Recent speeches by the US presidential candidates show that debate about the first two questions has already begun. But the US ignores the third question at its peril. How can America bolster institutions, create networks, and establish policies for managing transnational issues?

Leadership by the most powerful country is important for the production of global public goods. Unfortunately, America’s domestic political gridlock often blocks this. For example, the US Senate has failed to ratify the UN Convention on the Law of the Sea, despite its being in America’s national interest – indeed, the US needs the convention to support its position on how to resolve competing territorial claims in the South China Sea.

Similarly, Congress failed to fulfil an American commitment to support the reallocation of voting power within the International Monetary Fund to emerging-market countries, though doing so would cost very little. This paved the way for China to launch its Asian Infrastructure Investment Bank (which the US then mistakenly tried to block, at considerable cost to its reputation.) And there is strong Congressional resistance to setting limits on carbon emissions in the run-up to the UN Climate Change Conference in Paris in December.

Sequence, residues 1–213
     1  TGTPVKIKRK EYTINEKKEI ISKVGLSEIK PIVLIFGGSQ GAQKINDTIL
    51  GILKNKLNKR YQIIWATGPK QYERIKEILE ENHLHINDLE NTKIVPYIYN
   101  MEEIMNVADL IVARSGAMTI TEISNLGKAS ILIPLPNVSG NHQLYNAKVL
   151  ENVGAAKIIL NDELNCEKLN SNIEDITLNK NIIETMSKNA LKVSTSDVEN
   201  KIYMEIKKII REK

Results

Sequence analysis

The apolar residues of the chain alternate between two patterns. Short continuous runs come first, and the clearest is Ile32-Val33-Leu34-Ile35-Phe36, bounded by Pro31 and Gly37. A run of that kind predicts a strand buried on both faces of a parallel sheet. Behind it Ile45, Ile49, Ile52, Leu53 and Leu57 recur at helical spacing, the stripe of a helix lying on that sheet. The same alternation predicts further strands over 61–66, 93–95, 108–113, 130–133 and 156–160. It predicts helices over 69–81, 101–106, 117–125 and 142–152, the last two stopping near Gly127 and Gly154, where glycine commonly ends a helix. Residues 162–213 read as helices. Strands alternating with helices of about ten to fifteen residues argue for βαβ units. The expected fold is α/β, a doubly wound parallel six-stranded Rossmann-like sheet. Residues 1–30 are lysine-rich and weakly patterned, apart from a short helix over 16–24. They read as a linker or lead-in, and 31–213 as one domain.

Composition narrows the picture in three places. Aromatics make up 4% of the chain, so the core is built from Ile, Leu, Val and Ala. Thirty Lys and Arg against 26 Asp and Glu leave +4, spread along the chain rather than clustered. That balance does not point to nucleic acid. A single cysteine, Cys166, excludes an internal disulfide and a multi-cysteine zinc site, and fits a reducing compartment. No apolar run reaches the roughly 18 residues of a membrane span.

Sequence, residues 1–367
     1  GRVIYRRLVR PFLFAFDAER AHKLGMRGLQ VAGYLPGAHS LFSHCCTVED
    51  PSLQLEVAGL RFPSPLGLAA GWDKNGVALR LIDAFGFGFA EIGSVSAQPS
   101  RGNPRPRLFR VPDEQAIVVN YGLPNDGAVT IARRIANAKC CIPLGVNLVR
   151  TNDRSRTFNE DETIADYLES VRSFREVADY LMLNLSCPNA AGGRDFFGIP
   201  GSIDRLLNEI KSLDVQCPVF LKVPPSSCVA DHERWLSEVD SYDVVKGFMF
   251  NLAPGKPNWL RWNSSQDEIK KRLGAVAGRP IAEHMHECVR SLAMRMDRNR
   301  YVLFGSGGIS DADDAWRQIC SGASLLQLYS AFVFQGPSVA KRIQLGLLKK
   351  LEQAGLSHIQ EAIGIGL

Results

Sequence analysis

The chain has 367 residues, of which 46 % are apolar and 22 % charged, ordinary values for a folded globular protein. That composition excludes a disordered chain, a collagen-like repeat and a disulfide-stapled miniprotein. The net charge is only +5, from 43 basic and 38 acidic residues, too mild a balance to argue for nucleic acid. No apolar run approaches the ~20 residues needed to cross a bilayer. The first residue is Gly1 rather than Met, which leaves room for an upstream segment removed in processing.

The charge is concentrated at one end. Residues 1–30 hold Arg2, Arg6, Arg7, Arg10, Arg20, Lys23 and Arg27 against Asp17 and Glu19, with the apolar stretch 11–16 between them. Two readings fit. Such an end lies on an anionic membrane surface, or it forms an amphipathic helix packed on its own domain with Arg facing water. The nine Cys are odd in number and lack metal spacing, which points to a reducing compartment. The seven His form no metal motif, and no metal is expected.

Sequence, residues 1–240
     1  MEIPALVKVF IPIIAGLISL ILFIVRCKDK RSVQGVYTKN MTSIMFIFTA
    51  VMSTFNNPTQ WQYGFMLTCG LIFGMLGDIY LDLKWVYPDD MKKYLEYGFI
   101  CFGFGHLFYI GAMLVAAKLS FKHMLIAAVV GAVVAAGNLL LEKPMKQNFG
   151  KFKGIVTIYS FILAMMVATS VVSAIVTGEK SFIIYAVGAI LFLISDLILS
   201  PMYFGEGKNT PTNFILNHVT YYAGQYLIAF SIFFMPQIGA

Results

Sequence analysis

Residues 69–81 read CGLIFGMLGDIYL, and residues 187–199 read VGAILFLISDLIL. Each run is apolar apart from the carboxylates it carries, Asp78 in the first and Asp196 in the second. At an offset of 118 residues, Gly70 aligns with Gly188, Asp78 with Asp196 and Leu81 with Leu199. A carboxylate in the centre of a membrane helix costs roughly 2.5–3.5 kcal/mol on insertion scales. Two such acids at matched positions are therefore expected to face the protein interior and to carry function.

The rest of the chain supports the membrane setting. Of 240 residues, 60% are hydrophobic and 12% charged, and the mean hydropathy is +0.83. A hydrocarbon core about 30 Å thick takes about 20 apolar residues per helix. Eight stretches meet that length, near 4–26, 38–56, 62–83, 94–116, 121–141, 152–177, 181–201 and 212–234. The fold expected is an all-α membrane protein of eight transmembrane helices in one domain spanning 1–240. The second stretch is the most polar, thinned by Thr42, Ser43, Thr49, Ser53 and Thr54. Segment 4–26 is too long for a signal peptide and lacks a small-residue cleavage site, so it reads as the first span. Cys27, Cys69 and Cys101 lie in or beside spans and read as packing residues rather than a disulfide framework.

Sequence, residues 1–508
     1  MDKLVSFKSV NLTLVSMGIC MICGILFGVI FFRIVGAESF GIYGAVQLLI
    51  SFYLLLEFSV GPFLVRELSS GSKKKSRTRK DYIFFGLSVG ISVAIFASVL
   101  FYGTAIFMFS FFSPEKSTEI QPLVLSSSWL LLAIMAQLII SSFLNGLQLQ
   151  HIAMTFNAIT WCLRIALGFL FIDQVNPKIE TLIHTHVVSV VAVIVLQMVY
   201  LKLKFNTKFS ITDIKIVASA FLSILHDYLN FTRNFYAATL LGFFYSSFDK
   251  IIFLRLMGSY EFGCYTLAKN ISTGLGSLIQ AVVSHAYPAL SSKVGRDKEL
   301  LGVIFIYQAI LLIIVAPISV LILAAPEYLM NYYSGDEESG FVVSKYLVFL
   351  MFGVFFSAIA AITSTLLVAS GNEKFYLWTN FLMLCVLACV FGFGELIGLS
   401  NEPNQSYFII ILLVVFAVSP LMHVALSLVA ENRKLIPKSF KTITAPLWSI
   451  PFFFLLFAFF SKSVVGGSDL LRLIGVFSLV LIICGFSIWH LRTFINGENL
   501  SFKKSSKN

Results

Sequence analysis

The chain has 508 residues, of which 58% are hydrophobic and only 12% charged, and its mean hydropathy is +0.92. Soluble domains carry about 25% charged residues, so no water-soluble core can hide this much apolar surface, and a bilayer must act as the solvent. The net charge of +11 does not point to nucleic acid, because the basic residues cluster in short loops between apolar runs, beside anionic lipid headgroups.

How much to spend on foreign affairs and how to intervene in distant crises are important questions. But Americans should be equally concerned that their country’s “exceptionalism” is degenerating into “exemptionalism.” How can the US maintain global leadership if other countries see Congress constantly blocking international cooperation? That debate has yet to begin.

Joseph S. Nye, Jr. is a professor at Harvard and author of Is the American Century Over?